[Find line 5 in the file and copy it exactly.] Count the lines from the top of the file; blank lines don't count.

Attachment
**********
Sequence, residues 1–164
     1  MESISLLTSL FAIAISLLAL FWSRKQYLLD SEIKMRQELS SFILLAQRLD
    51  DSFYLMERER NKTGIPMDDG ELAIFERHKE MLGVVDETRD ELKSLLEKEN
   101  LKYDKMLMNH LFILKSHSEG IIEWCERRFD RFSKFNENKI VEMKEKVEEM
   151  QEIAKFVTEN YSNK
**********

   151  QEIAKFVTEN YSNK